By then, I had decided to create a story which blended history, and the magic and true meaning of Christmas for my grandchildren to enjoy for years to come. At least that’s what I had hoped to do. And so I brought out my journal, from which I am rarely without since I began writing in earnest. Lunch ended and I was still writing as the wonderfully attentive server asked what I was doing. I began to share my idea with her. She was delighted and brought me another diet-Coke with lemon. Tucked in a corner of the restaurant I continued to jot down my ideas for a story which in my mind would be colorfully illustrated with real photos of America’s oldest city and an original artistic rendition of the famous cookie man.
Nightfall had arrived when I strolled out of the Columbia Restaurant onto St. George Street. The “Nights of Lights” lived up to its name as the ancient city street glowed with decorations and lights outlining the historic buildings.
The next day, I was back on St. George Street but this time I was sitting on the patio of the Café Hildalgo, which used to be the consulate building of the nation of Spain. The entire building was donated to the City of St. Augustine by the King of Spain. Part of that structure was this charming café where I sat enjoying my favorite treat of Italian ice cream called, Gelato. It’s proprietors were a couple from New York City. Jack, was a retired NYC fireman who made sure that a memorial to those who dealt with and fell during the 9/11 attack would be remembered. Many were his friends who served with him on that day. So impressed was I by his service that I had to include their shop in the story as my way of saying thank you to his service. By the time I left the pleasant surroundings the story had been completed. Now all that was left was to call our second youngest son, John, who was a graphic design major. It would be he who would create the character and the splendid images of the Columbia, Café Hilalgo, Cathedral and Castillo San Marco, and that of the sailing ship called the “Schooner Freedom.” Normally the ship took tourists up and down the harbor and inlet off the Atlantic Ocean, but it soon became the source of transportation for a certain character called the “Gingerbread Man,”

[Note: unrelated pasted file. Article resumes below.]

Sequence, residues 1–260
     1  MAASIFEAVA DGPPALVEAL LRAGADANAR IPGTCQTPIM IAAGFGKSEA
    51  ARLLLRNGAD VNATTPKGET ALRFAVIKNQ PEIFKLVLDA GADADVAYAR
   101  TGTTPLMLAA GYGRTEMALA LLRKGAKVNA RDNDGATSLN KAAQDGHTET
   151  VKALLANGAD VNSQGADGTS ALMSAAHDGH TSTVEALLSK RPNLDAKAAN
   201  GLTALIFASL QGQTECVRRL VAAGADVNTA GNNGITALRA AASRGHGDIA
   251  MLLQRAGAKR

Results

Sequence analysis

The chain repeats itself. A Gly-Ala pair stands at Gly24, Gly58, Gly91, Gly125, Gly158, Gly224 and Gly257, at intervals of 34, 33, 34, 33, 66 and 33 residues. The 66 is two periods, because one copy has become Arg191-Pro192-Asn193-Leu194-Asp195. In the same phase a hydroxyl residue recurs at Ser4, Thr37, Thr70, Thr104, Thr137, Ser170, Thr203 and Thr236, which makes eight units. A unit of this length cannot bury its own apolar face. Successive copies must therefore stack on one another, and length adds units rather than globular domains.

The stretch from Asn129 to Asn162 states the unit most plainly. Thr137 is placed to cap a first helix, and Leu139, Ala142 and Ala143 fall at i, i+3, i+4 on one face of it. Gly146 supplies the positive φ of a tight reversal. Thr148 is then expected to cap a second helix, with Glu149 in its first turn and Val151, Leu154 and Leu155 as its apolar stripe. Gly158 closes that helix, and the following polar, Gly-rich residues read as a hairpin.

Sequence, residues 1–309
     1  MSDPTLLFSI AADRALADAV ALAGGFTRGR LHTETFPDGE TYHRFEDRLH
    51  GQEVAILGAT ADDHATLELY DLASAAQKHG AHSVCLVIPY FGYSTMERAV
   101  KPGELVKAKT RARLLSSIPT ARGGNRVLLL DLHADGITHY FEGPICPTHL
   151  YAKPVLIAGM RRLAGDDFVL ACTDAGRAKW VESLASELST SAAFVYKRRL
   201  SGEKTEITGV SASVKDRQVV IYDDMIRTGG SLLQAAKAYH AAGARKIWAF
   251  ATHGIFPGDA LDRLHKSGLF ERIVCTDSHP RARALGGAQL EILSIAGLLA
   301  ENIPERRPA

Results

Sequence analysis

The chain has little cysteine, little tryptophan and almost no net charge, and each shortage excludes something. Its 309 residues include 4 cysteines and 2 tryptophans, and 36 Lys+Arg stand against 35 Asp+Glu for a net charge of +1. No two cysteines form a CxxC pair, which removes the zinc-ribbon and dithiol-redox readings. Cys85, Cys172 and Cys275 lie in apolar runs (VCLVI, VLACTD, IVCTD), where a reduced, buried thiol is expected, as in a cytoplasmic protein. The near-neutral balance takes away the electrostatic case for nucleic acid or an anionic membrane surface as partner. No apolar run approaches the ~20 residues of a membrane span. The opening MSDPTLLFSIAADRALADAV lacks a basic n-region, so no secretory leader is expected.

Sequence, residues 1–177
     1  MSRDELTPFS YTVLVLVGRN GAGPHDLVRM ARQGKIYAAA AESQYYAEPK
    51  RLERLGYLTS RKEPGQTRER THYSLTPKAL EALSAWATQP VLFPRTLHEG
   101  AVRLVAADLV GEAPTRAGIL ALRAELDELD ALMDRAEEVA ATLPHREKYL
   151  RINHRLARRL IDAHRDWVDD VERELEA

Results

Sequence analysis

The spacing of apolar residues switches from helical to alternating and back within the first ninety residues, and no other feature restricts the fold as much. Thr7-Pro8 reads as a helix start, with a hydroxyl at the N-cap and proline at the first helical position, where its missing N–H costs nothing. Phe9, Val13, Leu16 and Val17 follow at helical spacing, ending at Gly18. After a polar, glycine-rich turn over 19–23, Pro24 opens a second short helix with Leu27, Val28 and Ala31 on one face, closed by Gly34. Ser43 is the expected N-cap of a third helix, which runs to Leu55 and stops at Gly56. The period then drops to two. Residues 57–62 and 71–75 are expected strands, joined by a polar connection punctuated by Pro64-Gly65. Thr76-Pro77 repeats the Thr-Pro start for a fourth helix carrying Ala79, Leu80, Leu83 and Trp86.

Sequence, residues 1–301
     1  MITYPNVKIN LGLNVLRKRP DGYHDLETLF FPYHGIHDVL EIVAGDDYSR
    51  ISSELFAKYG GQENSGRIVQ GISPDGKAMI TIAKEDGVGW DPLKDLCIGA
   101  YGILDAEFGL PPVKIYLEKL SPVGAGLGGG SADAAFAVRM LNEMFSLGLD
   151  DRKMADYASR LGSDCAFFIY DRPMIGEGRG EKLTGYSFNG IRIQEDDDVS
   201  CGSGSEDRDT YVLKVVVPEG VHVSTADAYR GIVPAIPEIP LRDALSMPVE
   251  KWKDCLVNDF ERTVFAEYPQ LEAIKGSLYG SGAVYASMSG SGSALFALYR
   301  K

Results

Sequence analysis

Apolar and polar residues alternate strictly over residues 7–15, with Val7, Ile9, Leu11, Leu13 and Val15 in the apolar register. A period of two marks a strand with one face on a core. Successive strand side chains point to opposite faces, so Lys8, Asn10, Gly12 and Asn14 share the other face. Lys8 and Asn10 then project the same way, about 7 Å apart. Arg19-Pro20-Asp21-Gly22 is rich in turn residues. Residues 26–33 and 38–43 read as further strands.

for my newly created tale for children.
A year later our entire family, including all five children and their spouses and our four grandchildren (Olivia, Arthur V, Connor and Riley), gathered in the Columbia Restaurant to celebrate the publication of “Papa and the Gingerbread Man.” The cultural office of the City of St. Augustine had also arranged for a formal reading of the book by one of their historically dressed historian clerks in the government house museum across from the Cathedral. And so our four grand children were joined by youngsters and their parents to hear the first reading of my story which all began when I was asked by my grandsons to find the Gingerbread Man.
Now here this week all four had watched me place that gingerbread man figurine in the village and then in fine tradition sprinkled the sparkly artificial snow across the length and breath of the village scenes as the Irish Tenors were belting out O Holy Night from our CD player.
May your Christmas traditions bring you joy.
Merry Christmas and may “God bless us everyone.”
“Papa and the Gingerbread Man, an Adventure in America’s Oldest City” is appropriate for children in grade 4 and under. It along with all of Arthur Cola’s books may be purchased through www.amazon.com.